Applying a globally consistent methodology to identify a loan as “green” can help banks and financial institutions track the green share of their lending portfolio vis-à-vis their sustainability goals, redirect capital flows to meet targets, and even consider divesting in assets seen as vulnerable to climate events. GLP-aligned loans also help regulators apply universally accepted eligibility criteria for incentives such as grants or tax rebates, allowing small-sized projects that require smaller investments to access cheaper financing. Banks and financial institutions can also package such loans into Covered Green Bonds. 

While still early days, labeled Green Loan issuance amounted to about US$60 billion in 2018. In the ASEAN region, ING issued the first GLP- compliant Green Loan to finance a portfolio of rooftop solar projects developed and owned by Sunseap Commercial Assets Pte. Ltd., a subsidiary of Sunseap Group, the largest clean energy solutions provider in Singapore.

 

Loans with sustainability-linked pricing 
Another type of loan that is gaining traction is the Sustainability-Linked Loan. Also known as ESG-Linked Loan or Positive Incentive Loan, the proceeds of the loan are used for general corporate purposes, rather than “green” projects. But the pricing of the loan is based on the borrower’s environmental, social and governance (ESG) score or overall sustainability achievements such as emission reductions. If the borrower achieves its sustainability target, it benefits from favorable interest rates on the loan. If it fails, it pays a higher rate. These loans are also governed by standards developed by the Loan Market Association.

Global agricultural firm Louis Dreyfus (LDC), headquartered in the Netherlands, has two loans with sustainability-linked pricing mechanisms—a US$750 million revolving credit facility (RCF) in North America and a US$650 million RCF in Asia. LDC will benefit from a reduction in the interest rate on the RCFs each year it makes improvements in its sustainability performance. An independent auditor will provide validation. Other companies like Nokia (Eur1.5 billion) and US company CMS Energy (US$1.4 billion) have also signed Sustainability-Linked Loans.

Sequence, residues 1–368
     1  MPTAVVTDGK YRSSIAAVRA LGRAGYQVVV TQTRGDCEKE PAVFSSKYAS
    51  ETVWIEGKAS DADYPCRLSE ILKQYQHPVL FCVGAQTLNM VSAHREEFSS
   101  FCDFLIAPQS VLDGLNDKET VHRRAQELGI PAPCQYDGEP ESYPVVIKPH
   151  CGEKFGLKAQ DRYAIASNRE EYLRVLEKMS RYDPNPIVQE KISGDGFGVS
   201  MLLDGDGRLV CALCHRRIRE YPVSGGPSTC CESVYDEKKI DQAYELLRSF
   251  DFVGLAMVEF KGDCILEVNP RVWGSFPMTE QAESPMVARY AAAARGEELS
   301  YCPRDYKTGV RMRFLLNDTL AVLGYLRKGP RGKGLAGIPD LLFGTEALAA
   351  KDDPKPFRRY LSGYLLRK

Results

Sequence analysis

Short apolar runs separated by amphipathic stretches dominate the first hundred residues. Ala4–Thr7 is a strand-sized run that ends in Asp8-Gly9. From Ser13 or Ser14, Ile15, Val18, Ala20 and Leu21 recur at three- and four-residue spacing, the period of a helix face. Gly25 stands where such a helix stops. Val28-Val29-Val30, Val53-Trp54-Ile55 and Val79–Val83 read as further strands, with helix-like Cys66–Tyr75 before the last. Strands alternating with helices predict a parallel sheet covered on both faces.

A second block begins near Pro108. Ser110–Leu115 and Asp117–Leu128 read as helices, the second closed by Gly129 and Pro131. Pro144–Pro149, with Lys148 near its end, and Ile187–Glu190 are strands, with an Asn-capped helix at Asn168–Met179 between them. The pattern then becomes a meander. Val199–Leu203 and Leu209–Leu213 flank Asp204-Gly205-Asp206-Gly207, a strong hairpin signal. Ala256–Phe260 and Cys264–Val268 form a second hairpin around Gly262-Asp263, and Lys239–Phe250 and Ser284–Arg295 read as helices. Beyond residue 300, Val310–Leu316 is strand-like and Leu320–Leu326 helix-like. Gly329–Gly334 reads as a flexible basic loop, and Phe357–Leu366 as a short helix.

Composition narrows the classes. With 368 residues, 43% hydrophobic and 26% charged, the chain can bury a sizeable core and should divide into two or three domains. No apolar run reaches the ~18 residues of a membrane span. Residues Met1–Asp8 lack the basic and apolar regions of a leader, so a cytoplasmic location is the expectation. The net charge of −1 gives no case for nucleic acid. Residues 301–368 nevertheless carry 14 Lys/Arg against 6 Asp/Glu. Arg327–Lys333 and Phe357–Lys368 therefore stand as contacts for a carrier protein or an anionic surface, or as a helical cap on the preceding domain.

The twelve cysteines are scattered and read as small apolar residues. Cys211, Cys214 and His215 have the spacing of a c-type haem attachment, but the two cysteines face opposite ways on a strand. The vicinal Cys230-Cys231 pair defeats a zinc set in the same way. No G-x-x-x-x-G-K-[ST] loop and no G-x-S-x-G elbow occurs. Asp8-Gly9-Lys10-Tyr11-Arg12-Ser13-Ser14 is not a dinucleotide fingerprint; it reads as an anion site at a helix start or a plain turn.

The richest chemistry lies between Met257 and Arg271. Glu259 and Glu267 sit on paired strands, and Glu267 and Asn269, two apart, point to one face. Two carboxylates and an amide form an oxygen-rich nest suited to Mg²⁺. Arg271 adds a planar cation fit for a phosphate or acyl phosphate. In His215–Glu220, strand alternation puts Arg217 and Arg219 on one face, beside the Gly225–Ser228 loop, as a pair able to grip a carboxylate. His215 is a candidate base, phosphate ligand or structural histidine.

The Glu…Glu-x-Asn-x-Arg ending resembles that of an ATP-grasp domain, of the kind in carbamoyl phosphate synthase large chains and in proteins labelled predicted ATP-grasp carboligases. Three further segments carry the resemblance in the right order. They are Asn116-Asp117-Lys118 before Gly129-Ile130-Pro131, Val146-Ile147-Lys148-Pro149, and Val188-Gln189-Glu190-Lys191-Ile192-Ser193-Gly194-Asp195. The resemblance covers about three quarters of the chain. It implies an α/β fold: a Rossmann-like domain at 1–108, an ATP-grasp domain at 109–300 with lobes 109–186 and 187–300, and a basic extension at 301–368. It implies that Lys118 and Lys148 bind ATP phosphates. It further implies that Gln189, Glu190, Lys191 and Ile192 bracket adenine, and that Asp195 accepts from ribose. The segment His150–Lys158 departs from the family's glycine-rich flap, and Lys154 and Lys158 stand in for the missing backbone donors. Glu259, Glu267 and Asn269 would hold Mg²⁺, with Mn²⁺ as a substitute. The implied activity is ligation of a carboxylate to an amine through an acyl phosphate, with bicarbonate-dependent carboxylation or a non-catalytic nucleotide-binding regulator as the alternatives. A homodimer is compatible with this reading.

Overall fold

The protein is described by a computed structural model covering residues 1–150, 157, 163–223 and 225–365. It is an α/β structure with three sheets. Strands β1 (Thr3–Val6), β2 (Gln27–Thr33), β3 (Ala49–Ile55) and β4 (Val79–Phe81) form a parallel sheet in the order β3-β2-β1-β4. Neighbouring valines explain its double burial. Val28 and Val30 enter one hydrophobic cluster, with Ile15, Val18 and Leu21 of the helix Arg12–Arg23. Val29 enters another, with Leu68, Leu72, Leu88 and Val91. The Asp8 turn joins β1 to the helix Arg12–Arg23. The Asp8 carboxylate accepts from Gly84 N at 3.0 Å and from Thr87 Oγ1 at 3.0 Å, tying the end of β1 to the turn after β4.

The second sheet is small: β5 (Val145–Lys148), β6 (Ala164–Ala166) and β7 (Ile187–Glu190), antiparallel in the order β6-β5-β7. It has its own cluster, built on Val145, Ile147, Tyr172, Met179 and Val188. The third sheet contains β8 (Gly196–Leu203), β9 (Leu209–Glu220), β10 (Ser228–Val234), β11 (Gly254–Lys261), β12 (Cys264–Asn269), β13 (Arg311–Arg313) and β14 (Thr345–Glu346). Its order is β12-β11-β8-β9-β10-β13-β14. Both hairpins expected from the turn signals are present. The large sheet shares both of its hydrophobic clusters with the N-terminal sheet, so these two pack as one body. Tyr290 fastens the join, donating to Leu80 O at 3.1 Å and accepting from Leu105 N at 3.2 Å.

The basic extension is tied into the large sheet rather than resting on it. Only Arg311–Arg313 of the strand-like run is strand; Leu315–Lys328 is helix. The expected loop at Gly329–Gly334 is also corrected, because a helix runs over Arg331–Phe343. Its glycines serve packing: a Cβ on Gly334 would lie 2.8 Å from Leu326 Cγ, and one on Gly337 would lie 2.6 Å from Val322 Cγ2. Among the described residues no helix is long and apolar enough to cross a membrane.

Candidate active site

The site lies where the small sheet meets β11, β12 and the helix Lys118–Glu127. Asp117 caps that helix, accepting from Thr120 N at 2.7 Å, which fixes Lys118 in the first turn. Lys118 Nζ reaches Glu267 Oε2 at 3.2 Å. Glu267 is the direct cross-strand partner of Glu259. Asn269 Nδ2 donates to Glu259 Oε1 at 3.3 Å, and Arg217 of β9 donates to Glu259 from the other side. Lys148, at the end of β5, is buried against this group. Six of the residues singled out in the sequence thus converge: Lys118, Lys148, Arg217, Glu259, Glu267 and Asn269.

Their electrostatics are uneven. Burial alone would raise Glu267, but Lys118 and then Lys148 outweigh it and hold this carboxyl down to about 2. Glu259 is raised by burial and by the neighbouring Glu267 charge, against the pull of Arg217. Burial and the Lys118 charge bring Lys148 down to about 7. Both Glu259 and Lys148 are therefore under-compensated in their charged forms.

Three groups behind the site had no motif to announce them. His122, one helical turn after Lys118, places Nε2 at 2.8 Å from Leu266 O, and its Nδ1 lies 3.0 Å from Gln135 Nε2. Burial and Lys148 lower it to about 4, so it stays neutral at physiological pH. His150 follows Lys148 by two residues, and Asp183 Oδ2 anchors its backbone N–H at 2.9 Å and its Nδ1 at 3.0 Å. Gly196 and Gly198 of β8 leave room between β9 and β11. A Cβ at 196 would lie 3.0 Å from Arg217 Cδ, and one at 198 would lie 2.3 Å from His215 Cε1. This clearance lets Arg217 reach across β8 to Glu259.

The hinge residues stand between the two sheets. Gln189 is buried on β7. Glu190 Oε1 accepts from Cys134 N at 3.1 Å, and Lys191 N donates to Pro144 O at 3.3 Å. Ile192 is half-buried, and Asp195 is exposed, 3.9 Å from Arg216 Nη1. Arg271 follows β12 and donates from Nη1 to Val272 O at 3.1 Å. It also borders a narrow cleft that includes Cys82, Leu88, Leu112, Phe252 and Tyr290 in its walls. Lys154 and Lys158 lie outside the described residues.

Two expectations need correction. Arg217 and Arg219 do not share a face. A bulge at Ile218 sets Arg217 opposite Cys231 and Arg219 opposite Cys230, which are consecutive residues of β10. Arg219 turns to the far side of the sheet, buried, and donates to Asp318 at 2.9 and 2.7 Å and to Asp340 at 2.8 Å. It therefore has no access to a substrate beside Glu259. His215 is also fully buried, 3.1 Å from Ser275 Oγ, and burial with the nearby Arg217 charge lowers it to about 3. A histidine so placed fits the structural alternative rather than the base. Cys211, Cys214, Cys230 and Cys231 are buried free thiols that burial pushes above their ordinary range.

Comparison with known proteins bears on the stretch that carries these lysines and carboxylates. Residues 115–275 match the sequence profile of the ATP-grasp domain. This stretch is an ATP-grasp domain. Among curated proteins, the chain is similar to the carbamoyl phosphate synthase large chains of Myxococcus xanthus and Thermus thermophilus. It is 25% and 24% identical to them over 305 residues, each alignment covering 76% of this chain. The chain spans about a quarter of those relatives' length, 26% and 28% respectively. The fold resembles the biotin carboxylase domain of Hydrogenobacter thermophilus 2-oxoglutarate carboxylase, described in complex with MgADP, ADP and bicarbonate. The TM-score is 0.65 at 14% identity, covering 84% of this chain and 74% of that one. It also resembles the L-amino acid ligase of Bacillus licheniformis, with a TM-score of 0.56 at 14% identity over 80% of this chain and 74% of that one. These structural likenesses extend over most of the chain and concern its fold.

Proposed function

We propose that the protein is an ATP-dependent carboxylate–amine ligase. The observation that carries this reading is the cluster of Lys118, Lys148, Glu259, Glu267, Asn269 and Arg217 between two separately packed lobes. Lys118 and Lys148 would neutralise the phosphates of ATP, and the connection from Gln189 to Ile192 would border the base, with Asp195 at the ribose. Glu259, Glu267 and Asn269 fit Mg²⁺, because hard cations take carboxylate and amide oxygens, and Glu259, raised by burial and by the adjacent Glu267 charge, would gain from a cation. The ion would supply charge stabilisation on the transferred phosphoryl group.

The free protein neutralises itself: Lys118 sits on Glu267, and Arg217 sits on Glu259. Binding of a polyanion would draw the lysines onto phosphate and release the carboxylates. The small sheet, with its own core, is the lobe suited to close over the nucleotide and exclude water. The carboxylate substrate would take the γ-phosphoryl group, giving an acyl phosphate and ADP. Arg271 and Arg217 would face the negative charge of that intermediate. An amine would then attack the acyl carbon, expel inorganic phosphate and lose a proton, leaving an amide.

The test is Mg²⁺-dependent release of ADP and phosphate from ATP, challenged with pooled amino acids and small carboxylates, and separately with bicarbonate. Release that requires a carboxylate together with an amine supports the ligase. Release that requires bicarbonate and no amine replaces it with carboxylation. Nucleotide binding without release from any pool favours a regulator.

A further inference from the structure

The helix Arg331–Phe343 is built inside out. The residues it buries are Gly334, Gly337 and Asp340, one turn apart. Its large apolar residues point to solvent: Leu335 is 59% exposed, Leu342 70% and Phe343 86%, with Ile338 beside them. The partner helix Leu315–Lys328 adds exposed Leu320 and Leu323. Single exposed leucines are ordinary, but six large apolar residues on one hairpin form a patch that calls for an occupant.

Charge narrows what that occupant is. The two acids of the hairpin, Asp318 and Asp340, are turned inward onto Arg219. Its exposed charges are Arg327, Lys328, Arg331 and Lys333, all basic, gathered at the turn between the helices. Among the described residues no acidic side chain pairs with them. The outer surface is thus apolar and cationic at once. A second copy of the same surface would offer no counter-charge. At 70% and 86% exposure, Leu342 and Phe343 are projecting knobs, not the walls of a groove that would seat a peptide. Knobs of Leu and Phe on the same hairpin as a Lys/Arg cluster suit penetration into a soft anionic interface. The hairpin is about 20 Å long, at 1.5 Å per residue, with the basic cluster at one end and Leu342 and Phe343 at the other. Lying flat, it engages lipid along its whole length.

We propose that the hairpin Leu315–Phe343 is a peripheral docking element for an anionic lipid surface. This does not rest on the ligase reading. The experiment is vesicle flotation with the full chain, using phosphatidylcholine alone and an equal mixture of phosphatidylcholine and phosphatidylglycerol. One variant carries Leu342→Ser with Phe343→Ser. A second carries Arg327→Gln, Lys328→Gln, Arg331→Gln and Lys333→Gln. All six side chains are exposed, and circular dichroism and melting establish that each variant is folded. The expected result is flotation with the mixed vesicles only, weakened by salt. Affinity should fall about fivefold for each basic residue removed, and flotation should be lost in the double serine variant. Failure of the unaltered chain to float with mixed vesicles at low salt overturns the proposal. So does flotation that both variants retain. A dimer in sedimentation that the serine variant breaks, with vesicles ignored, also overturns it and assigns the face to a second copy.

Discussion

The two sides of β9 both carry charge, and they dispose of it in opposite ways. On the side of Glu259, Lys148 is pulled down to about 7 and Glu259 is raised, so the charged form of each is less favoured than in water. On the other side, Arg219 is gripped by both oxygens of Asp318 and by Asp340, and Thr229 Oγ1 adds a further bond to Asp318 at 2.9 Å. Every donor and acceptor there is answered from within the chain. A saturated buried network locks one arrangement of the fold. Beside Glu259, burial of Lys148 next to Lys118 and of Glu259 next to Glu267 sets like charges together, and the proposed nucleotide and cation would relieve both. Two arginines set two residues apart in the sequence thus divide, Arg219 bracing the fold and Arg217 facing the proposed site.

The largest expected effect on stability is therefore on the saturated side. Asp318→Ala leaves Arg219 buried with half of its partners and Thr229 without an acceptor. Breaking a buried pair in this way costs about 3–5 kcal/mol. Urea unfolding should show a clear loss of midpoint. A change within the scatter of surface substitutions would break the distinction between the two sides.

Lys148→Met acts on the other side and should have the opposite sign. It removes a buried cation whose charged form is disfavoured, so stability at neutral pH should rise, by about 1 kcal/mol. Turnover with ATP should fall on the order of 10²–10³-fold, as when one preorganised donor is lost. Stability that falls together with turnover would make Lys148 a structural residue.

As global demand for sustainable finance continues to surge, the supply of these types of loans is expected to increase, especially from companies committed to reducing their carbon footprint and achieving positive impact. 

 

Tremendous potential in Vietnam 
Banks and companies in Vietnam can also grasp these business opportunities while contributing to reducing the impact of climate change. In the Mekong Delta alone, there is huge untapped potential for investments in climate-smart agriculture and renewable energy, especially wind and solar. The time is ripe to use innovative financial products like labeled Green Loans and Green Bonds to set Vietnam on a more sustainable and climate resilient path.  

 

This article was originally published in the Vietnam Investment Review

Join the Conversation

Aaron Werikhe
May 11, 2020

Such home bred financial solutions will go a long way in bridging the local climate finance and green funding gap experienced by developing countries. Public finance and grants from global funds have proved insufficient to deliver climate and green goals at the required scale to meet imminent deadlines. Therefore, appealing to capital markets to develop innovative affordable green/climate finance solutions is key albeit it will require building clear bankable business cases for climate change response.

Ali Man
June 04, 2020

Thanks for this post. Interesting information. I hope it's true. I want to believe that all this is done not for profit, but really in favor of people and the environment. I will hope that these are not just words, but really something will change for the better.

Pettom
June 15, 2020

Wanna know more about this platform.